Now this is more like it!
From October 1-25, London’s Barbican Cinema is mounting an ambitious retrospective of the work of Wojciech Jerzy Has (1925-2000) - or rather a partial retrospective, since it only features five films. But I shouldn’t complain, since it’s an excellent selection that comprises his feature debut Noose (Pętla, 1958), his two early studies of post-WWII emotional fallout, Farewells (Pożegnania, 1958), How To Be Loved (Jak być kochaną, 1963) and his two best-known films The Saragossa Manuscript (Rękopis znaleziony w Saragossie, 1965) and The Hourglass Sanatorium (Sanatorium Pod Klepsydrą, 1973). The latter is based on the Bruno Schulz story of the same name, which the Quay Brothers are currently developing as their third feature - and the Barbican has also commissioned a Has-related installation from the Quays which will be unveiled at the start of the season.
Of Poland’s undisputed cinema masters, Has has always been somewhat marginalised (certainly in Britain, where he’s mainly been regarded as a one-work man; less so in France), possibly because his florid and fantastical visions didn’t chime especially well with much Polish fiction cinema. His closest rival in the Polish film surrealism stakes, Walerian Borowczyk, decamped to France at a very early stage of his career, but Has remained loyal to Poland - even spending several years as the Dean of the renowned Łódź Film School. From the very start of his career, he showed a striking individuality - Noose was initially mischaracterised as a familiar study of an alcoholic in decline, and critically dismissed as a result, but in fact it’s a far more complex portrait of a psychologically tormented individual whose dependence on alcohol is merely one of a whole raft of issues that conspires to push him over the edge - and the first of many Has protagonists who would find themselves struggling to cope in a world that’s at least as much dreamscape as reality.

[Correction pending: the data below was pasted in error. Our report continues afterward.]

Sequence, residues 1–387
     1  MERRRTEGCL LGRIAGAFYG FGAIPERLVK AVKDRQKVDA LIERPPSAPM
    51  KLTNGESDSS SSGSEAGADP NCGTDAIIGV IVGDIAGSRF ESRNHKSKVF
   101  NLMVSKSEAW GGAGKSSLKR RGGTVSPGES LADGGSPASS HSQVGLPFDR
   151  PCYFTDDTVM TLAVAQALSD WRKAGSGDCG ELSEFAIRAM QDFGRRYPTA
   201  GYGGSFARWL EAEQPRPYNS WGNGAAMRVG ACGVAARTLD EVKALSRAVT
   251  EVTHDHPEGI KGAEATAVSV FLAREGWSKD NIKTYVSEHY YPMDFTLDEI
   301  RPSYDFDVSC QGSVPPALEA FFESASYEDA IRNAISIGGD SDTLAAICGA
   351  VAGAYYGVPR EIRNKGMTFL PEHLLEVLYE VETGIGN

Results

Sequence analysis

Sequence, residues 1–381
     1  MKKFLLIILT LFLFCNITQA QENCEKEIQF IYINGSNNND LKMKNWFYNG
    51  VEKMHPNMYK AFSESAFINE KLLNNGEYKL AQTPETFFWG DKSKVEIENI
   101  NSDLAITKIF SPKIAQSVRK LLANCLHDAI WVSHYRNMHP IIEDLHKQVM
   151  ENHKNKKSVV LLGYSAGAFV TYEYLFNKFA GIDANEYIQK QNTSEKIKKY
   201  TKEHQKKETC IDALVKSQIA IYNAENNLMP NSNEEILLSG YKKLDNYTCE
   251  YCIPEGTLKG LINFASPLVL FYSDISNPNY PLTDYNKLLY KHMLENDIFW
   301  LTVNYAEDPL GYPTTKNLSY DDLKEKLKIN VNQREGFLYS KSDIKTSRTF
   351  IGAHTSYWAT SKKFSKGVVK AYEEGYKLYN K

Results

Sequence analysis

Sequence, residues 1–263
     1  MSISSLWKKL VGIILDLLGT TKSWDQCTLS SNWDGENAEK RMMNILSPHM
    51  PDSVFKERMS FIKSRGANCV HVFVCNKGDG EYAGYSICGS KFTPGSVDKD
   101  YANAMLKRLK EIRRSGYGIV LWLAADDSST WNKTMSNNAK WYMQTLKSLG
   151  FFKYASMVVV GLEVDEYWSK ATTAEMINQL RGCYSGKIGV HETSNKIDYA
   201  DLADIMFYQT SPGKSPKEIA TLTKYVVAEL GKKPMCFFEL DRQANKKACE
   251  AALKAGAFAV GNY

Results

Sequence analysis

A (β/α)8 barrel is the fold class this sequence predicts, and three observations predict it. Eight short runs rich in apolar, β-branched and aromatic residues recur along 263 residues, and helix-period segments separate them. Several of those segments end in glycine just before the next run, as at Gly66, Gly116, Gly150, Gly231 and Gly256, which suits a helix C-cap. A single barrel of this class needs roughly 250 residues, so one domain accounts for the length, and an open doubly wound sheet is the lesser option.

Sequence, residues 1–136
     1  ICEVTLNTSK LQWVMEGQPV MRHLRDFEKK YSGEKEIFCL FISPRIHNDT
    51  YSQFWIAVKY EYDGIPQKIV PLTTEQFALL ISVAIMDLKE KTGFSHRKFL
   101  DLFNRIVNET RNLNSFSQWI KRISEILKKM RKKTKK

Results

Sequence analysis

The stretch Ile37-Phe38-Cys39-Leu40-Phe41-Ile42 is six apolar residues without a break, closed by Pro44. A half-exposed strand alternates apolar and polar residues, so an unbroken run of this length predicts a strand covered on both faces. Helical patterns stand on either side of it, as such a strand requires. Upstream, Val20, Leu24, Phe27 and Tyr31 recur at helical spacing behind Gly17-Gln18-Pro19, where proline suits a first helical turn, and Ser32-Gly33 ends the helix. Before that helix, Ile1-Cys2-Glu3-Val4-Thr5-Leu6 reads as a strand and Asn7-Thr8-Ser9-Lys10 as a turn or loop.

The best news is that the season apparently features newly-struck 35mm prints, courtesy of the Filmoteka Narodowa (Poland’s national film archive), which will later go on tour - and the season itself was organised by the Polish Cultural Institute with the support of the Adam Mickiewicz Institute as part of the ambitious Polska! Year project.